Like, Hoseok’s technically saved a bunch of lives. Kids swimming too deep, Jeongguk tripping and getting whacked with his surfboard, that old man that one time that bashed his ankle against a hidden rock.
And he can’t remember all of them.
He climbs higher and higher, almost as though he could climb through the sunset and into the other side. Yoongi isn’t a lifeguard, though, and Hoseok knows everyone in the town, so he’s not someone like that, either, so he must be -
As he comes to the tip of the rocks, the place where they jut out into the water, near the spot Yoongi had brought him in the first place, he sees a someone. A body sitting where Hoseok should be, a tanned back, a head of soft, lilac hair looking out to sea, the rhythmic splashing of feet in water the way it can only be reached when the tide is at its highest.
“Hey,” he calls out - I’m a lifeguard and you’re not meant to be up here - but he’s left his badge down there. By the rocks. And his orange shirt doesn’t mean anything except that he’s got a real bad taste in fashion.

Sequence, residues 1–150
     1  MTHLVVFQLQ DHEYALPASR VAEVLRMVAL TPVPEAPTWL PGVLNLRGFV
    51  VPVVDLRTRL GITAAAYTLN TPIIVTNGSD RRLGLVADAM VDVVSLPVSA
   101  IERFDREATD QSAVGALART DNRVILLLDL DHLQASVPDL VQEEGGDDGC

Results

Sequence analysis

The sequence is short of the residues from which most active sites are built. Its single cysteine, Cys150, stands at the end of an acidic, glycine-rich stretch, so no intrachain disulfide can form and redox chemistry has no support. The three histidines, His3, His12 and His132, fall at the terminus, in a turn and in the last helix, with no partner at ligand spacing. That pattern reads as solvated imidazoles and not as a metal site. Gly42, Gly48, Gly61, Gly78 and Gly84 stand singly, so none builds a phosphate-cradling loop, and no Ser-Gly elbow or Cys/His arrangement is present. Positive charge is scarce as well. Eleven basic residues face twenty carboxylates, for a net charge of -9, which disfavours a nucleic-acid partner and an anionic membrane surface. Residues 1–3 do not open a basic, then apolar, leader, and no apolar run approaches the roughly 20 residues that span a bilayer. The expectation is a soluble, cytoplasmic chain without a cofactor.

The guy at the rocks doesn’t look around. He’s not wearing anything but a pair of swimming trunks, coloured silver, and there are golden bracelets all up his arms. “Hello,” he says, still not looking around, and shifts over. “I’m not holding you up, am I?”
“You’re staying at the hostel, right? You better get on. Tide comes up quick,” Hoseok says, trying to sound as polite as he can. He just wants to mope.
The guy laughs. Pats the rock beside him. “Nope, I’m good here. C’mon and sit down, though. Tell me your worries. Your shoulders look way too set.”
“You can’t see my - no, the tide’s gonna be too dangerous. You should head back.”
“If it’s too dangerous, why aren’t you heading back?”
Hoseok thinks about knowing the ocean better than anyone else, and then he thinks about drowning in it, and being pulled to shore by a somebody. “Cause I know the tides ‘round here,” he says anyway, shoving a defiant middle finger at his memories. “You better go back.”